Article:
We expect this research to ensure that evidence-based health interventions are implemented in an accessible and fair way for the most vulnerable populations.
Read more about the implementation science area of investment.
If you are unsure whether your proposal fits the remit described, please send a 1 page summary of your proposal to email@example.com
We will fund projects lasting up to 5 years, although projects typically last 3 to 4 years.
We will accept proposals of all sizes up to approximately £2 million.
What we will fund
You can request funding for costs such as:
- a contribution to the salary of the principal investigator and co-investigators
- support for other posts such as research and technical
- research consumables
- travel costs
- data preservation, data sharing and dissemination costs
- estates and indirect costs
Please note: costs attributed to international co-investigators from high income countries (those not on the Organisation for Economic Cooperation and Development Development Assistance Committee (DAC) list of official development assistance recipients), or India must not exceed 30% of the full economic cost grant value. There is no cap on eligible funds going to international co-investigators from DAC list countries.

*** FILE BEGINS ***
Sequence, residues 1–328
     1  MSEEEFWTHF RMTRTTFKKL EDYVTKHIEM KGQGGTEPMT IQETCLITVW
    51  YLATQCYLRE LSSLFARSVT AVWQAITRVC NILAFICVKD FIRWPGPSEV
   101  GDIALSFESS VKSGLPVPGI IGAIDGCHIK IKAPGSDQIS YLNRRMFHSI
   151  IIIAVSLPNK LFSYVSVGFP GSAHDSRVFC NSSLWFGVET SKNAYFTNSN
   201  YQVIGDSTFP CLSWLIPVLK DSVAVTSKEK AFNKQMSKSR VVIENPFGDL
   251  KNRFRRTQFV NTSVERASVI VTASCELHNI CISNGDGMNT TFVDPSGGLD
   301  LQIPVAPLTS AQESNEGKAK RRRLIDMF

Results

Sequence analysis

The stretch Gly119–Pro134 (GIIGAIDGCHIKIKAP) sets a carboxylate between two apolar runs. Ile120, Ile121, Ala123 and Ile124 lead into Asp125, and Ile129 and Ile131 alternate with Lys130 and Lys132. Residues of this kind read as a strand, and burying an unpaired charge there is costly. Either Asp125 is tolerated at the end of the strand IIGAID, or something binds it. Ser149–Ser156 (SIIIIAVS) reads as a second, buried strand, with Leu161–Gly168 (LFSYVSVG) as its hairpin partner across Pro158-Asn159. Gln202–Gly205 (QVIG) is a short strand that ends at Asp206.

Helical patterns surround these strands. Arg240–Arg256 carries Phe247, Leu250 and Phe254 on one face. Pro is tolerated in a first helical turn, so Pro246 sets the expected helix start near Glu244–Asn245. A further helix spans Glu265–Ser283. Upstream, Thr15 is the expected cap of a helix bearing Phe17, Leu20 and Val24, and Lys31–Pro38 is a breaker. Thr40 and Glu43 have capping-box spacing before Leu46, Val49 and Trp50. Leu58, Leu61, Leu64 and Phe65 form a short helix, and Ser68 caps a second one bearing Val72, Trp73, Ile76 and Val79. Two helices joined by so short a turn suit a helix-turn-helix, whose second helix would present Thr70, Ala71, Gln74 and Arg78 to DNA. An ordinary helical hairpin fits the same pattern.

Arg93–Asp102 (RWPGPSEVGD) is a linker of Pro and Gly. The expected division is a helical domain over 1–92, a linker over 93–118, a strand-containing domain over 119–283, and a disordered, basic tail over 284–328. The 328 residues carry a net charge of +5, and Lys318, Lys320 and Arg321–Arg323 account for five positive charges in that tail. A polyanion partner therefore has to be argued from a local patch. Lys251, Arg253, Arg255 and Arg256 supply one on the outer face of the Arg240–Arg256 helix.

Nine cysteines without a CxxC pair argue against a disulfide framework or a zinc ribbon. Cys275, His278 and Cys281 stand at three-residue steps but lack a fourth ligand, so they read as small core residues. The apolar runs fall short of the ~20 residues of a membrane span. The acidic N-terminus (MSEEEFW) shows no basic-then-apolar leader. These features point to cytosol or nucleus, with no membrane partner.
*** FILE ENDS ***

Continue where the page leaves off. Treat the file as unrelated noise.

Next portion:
What we will not fund
We will not fund:
- masters and PhD studentships
- UK publication costs (publication costs where all the authors are from LMICs can be included)
- funding to use as a ‘bridge’ between grants
Team project partners
You may include project partners that will support your research project through cash or in-kind contributions, such as:
- staff time
- access to equipment
- sites or facilities
- the provision of data
- software or materials
Where there is engagement from individuals based in government agencies, international intergovernmental organisations (for example, the World Health Organization), or other stakeholder organisations (for example, industry collaborators) applicants should include them as a named project partner.
Each project partner must provide a statement of support.
If your application involves industry partners, you should also read the industry collaboration framework section.
Find out more about subcontractors and dual roles.
Who cannot be included as a team project partner
The individual named as the contact for the project partner organisation cannot also be a named applicant, such as all those with a role of ‘investigator’ and any other named member of staff.
Supporting skills and talent
We encourage you to follow the principles of the Concordat to Support the Career Development of Researchers and the Technician Commitment.